* Cleanzine-logo-7a.jpgCleanzine: your weekly cleaning and hygiene industry newsletter 17th August 2017 Issue no. 787

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Success in converting waste into energy bags Veolia further Australian Business Award

* Horsley-Park-Waste.jpgA groundbreaking process that turns ordinary household and commercial waste into energy to make bricks has won a major Australian national award for Veolia Environmental Services, a global leader in the waste management and resource recovery sector.

This is the fourth year in a row Veolia has won an Australian Business Award, which recognises organisations that have made a significant contribution to their industry through more effective products, processes or ideas that result in environmental or social improvements. Veolia was awarded the 2013 ABA for Innovation.

The award recognises a joint-venture with Austral Bricks, the construction materials company, at Horsley Park in Sydney's south-western region; where Austral has a manufacturing plant and Veolia has a major landfill facility next door.

According to Veolia's Managing Director Doug Dean, the collaboration between the company and Austral Bricks started three years ago, when Veolia started experimenting with ways to capture and combust the gas (methane) generated by the waste in the landfill. This gas, which is produced when waste decomposes, has been used as an alternative energy source at various Veolia facilities for many years, although never has Veolia become so involved in the end-product.* Horsley-Park2.jpg

"At Horsley Park, we are now capturing and combusting the gas produced by the landfill, which is then transferred via specially designed pipes next door to Austral, which in turn, uses the gas to fire up the kiln to make bricks," he said.

"So in a way, you can say that the gas produced by dry-waste or the waste we collect from a construction site or from businesses across Sydney, is now being turned into a relatively cheap and very reliable new source of energy.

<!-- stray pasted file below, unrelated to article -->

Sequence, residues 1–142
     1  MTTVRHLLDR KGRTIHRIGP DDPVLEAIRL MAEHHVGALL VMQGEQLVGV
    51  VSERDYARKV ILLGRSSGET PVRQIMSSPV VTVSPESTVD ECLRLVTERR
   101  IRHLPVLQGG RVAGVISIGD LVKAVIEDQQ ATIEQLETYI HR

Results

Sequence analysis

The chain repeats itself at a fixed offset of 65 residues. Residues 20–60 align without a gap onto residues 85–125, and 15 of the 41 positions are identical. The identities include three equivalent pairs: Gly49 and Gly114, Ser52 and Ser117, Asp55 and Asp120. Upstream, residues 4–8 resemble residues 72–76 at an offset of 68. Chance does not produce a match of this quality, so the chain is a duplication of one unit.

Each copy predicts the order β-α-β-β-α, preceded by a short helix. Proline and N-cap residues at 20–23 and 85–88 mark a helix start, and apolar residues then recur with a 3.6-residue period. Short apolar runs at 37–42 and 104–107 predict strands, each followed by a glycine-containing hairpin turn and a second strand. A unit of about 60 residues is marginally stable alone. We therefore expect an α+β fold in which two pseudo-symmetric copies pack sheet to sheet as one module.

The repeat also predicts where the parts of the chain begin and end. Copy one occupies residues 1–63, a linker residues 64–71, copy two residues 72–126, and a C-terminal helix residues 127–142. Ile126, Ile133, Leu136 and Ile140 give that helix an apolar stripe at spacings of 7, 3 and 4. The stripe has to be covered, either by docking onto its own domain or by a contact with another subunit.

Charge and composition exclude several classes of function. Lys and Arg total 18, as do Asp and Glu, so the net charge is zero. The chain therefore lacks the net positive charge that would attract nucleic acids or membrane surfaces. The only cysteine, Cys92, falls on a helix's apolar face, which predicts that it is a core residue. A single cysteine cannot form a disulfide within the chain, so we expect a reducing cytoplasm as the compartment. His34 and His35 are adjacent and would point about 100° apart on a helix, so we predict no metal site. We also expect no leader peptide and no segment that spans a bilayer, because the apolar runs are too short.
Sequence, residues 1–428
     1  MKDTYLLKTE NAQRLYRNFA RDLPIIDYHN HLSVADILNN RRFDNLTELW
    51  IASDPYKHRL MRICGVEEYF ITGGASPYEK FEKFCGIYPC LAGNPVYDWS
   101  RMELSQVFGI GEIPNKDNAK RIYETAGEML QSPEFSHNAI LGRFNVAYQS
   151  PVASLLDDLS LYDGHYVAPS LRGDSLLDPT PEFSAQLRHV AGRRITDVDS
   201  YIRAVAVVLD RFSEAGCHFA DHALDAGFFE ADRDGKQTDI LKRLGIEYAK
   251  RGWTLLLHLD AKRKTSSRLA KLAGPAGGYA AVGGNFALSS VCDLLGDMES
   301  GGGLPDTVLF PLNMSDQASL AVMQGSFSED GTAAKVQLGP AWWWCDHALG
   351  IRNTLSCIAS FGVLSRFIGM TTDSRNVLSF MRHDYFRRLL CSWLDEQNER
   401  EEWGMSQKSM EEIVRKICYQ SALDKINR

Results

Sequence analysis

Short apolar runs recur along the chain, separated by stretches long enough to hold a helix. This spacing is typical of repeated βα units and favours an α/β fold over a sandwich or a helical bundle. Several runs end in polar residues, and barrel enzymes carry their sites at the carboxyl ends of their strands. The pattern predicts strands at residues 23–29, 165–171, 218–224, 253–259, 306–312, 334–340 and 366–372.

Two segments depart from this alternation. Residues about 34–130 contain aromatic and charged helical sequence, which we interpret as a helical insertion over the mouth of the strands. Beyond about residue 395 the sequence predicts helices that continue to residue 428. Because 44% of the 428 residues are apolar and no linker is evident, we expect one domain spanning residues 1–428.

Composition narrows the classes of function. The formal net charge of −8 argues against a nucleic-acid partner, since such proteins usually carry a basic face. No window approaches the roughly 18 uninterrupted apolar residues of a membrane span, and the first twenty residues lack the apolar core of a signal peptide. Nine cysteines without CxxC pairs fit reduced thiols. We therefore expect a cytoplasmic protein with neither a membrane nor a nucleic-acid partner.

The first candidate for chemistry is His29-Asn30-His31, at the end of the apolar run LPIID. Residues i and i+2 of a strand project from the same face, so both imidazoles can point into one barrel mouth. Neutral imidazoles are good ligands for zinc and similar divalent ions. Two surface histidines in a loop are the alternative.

"The bricks that are then used to build the house next door or a granny flat down the back could well have been made in a kiln that uses that very same gas.

"It's a great example of innovation and sustainability at its very best and is in line with Veolia's ongoing commitment to reduce and recycle waste. Similarly, this is but one of many great examples of resource recovery projects we are working on across the whole of Australia.

"While we encourage our customers and the wider community to minimise waste production at the source, we are also realistic and recognise that there will always be residual refuse, which poses significant environmental impacts.

"Methane, a by-product from waste generation, can be as potentially harmful to the environment as carbon dioxide, meaning that our landfill facilities must evolve and become more environmentally sustainable.

"Through initiatives like the capture of methane at our Horsley Park facility, we are actively utilising methane as an alternative fuel source, while successfully recycling waste."

www.Veoliaes.com.au

1st August 2013




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